shit on a stick and bubble and squeak with chilli. a recipe.
Surfing never sucks
Surfing never sucks
All done, let's eat, pass the olives, pass the capers, pass the bread.
There's people out here who want to eat.
The hidden right that rears up around the headland down there and travels 300 yards to its brutal end against the cliffs. More unforgiving slabs.
But first, dinner.
food and surfing - then everything else
Fresh Lobster omelet, mace, red peppercorns and garlic chives at Crowdy Head, August 1958, 5.40 pm.
Then they all disappeared over the dunes for every hour of sunlight that the sky allowed them. Away to the distance, that curved sweep of trackless beach.
Heard this low growl about 2 am and looked out of the tent, saw a bloody feral cat sitting by the fire - big bastard.
Leave town and travel the darkening highway until you reach the coast. South is best. Park amongst the mosquitoes and casuarinas .. a recipe
Why being a surfer and a cook helps with the ladies
A big man, tanned and snowy haired, he has spent four days in solitary sport amongst the massive south swell that has swept up the coast
A famished bricklayer, who has little objection to the taste of his own bitten down and encrusted fingernails, will hurl an untasted fresh baked steak and onion pie to the ground in a fury at having to consider eating the unordered onions. A cautionary tale about life in a building site.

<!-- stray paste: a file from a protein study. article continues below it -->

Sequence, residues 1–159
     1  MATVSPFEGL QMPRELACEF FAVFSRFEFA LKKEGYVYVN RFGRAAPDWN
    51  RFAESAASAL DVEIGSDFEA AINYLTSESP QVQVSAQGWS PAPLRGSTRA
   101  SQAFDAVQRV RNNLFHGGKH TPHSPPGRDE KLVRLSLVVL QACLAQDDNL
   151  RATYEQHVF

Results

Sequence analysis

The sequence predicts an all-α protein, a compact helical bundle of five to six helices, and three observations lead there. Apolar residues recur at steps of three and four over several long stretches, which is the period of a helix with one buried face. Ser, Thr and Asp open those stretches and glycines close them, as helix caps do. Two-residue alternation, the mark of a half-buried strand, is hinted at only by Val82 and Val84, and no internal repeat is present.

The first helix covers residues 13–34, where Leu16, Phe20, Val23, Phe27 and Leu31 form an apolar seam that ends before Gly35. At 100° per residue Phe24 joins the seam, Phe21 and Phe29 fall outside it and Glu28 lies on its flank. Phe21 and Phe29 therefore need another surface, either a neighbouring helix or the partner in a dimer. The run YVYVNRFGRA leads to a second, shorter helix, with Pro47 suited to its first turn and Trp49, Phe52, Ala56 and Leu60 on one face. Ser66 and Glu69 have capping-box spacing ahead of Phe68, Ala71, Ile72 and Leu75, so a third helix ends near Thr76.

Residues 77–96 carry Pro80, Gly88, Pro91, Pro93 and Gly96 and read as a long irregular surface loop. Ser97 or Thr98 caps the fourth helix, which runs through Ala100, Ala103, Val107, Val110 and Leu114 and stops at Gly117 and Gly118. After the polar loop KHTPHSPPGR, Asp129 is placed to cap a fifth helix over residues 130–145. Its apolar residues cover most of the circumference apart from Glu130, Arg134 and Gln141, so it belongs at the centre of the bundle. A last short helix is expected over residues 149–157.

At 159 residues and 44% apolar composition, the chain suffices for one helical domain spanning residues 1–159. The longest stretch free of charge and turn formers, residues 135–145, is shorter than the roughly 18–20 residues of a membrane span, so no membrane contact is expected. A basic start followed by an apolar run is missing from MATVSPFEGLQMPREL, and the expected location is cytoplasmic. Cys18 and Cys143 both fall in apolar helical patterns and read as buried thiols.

- and there .. ! The distant white trail of a surfer gliding down the black face of the fourth wave. The biggest of the set.
We were sitting around the table in the Rose Bay Hotel with Scoresby and a couple of hard faced Maoris watching the races and waiting on a feed of Singapore noodles, a specialty of Mr. Ngyuen, Charles.
Nice chap Charles, seasons his chips with garlic and chopped chives
He’s using the grill of a Chrysler 300/300c as a grill top, which makes sense, and for his pans he’s got a couple of full moon hubcaps, nicely chromed.
Frank introduced us to the River the day after we took him home from the Harrington pub, the day he had been beaten insensible by the three dark men who had travelled up from Sydney looking for the local plantation. Three bikers.
He was a troublesome jockey sized kid with an Irish pugnacity, an improper regard to discipline, a feral cunning and a consummate and admirable deftness in the surf. His agility, and ability to control the heavy boards of the time seemed effortless.